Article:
Since opening as a custom shop in 1976,
Schecter Guitar Research has evolved
considerably over the course of its history.
While the company may be best known
these days for its associations with heavy
rock and metal artists, Schecters have found
favor with players as diverse—and musically
demanding—as the Cure’s Robert Smith
and Beck. Schecter isn’t afraid of tinkering
with formulas either, and over the years
the company has offered everything from
sustainers and 10-string instruments to grab
the attention of adventurous players.
By that measure, the Hellraiser Solo-6
E/A may look a little conservative on the
surface. But even though it’s based on
what’s been one of the company’s biggest
hits, this version uses semi-hollow body
construction and a Fishman Powerbridge to
expand its sonic potential.
A Hellbound’s Heart
The Hellraiser is a very well-built guitar. I
was hard-pressed to find any construction
or finish flaws anywhere on the neck or
body, which is semi-hollow mahogany with
a quilted maple top in a deep Black Cherry
finish. The body also sports a solid center
block with two tone chambers designed to
lend acoustic resonance. The three-piece
mahogany neck is capped by a 24-fret
rosewood slab fretboard and affixed to the
body with Schecter’s highly sculpted Ultra
Access neck joint.
With brightly hued abalone gothic cross
inlays and double abalone binding along
the top of the body, this Hellraiser isn’t shy
about ornamentation. And the lines are
simultaneously classic and forward-looking,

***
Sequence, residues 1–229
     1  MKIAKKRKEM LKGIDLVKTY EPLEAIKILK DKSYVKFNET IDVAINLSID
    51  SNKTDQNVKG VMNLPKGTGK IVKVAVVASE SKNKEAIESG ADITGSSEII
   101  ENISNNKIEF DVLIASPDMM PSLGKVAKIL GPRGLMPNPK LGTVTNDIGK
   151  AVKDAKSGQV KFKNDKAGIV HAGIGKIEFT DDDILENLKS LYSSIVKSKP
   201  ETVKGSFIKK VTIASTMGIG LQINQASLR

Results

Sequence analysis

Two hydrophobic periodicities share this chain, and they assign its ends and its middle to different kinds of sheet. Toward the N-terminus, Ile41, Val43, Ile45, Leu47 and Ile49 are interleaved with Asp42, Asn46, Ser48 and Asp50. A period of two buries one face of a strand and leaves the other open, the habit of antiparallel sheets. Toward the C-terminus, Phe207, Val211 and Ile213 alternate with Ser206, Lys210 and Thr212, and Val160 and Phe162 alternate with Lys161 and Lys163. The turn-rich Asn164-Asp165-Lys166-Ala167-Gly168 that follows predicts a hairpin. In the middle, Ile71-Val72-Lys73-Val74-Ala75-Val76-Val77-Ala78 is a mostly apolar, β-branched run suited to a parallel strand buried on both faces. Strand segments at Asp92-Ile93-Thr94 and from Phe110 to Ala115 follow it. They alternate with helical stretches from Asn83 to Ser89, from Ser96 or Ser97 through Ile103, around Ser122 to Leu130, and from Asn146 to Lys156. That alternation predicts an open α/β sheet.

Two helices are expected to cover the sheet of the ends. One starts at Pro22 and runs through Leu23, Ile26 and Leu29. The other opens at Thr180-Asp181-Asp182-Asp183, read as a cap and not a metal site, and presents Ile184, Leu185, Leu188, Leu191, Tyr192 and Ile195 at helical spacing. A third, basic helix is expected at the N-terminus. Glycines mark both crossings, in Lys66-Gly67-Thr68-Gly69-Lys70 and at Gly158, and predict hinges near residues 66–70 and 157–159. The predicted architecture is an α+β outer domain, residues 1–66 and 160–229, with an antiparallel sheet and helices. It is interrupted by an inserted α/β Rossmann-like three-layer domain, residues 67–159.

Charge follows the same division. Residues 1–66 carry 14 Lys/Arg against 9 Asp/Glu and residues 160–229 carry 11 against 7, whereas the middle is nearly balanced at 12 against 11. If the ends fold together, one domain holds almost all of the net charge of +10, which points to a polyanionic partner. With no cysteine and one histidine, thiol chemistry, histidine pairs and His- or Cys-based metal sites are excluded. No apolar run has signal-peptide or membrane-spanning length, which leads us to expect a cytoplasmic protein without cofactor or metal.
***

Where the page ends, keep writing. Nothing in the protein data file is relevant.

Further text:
combining an offset waist with Les Paul
and Rickenbacker design motifs. In sum,
it’s a very striking guitar.
The Hellraiser is packed with enough
features and options to cover just about any
musical situation you can think of. Two
EMG active humbuckers—an 81 in the
bridge and an 89 in the neck—are wired
with a coil tap that splits the 89. EMG
humbuckers are known for screaming lead
tone when combined with high-gain amps,
and the 89 ups the ante on that count by
starting with two alnico 5 magnets, rather
than ceramic magnets.
The 89 is effectively two different pickups
in one, and the guitar offers separate
preamps for each coil. When combined in
series, the tone is more like an 85 model.
When split, you get brighter tones more
typical of the company’s SA single-coil. In
the Hellraiser, the coil tap cuts out the coil
closest to the neck, leaving the one closest
to the bridge active.
The magnetic pickups can be combined
with quasi-acoustic tones from the guitar’s
Fishman TOM Powerbridge piezo system,
or removed from the mix completely to
let the Powerbridge sounds shine on their
own. Schecter also includes a TRS Y-cable
for splitting the EMG’s output to one amp
and the Fishman’s to another. There are
dedicated single Volume and Tone controls
for the EMGs, a Volume for the Fishman’s
output, a 3-way switch to select individual
pickups or combine the Fishman and
EMG outputs, and a conventional 3-way
pickup selector switch.
Beer Drinkers & Hellraisers
The Hellraiser Solo-6 E/A isn’t a dark
sounding guitar by any means. Pretty
much every amplifier highlighted its
bright, high-end tendencies, but it excels